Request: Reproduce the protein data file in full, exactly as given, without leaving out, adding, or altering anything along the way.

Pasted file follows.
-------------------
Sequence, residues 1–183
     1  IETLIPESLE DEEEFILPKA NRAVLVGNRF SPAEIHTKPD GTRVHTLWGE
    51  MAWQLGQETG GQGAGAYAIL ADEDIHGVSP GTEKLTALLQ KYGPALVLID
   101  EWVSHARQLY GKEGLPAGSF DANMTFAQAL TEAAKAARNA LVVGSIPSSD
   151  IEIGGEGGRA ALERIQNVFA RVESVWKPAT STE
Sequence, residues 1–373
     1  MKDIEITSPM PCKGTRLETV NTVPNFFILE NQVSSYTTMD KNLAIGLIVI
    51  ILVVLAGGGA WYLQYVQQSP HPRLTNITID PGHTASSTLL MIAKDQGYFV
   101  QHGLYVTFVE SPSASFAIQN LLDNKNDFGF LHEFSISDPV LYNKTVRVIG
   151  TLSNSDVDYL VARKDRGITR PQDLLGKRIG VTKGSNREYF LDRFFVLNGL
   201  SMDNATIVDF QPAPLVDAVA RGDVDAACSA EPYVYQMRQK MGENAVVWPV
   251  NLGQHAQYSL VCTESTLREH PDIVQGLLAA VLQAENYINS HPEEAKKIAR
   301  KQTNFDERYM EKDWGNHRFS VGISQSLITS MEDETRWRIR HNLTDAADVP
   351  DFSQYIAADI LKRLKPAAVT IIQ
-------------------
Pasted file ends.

Sequence, residues 1–183
     1  IETLIPESLE DEEEFILPKA NRAVLVGNRF SPAEIHTKPD GTRVHTLWGE
    51  MAWQLGQETG GQGAGAYAIL ADEDIHGVSP GTEKLTALLQ KYGPALVLID
   101  EWVSHARQLY GKEGLPAGSF DANMTFAQAL TEAAKAARNA LVVGSIPSSD
   151  IEIGGEGGRA ALERIQNVFA RVESVWKPAT STE
Sequence, residues 1–373
     1  MKDIEITSPM PCKGTRLETV NTVPNFFILE NQVSSYTTMD KNLAIGLIVI
    51  ILVVLAGGGA WYLQYVQQSP HPRLTNITID PGHTASSTLL MIAKDQGYFV
   101  QHGLYVTFVE SPSASFAIQN LLDNKNDFGF LHEFSISDPV LYNKTVRVIG
   151  TLSNSDVDYL VARKDRGITR PQDLLGKRIG VTKGSNREYF LDRFFVLNGL
   201  SMDNATIVDF QPAPLVDAVA RGDVDAACSA EPYVYQMRQK MGENAVVWPV
   251  NLGQHAQYSL VCTESTLREH PDIVQGLLAA VLQAENYINS HPEEAKKIAR
   301  KQTNFDERYM EKDWGNHRFS VGISQSLITS MEDETRWRIR HNLTDAADVP
   351  DFSQYIAADI LKRLKPAAVT IIQ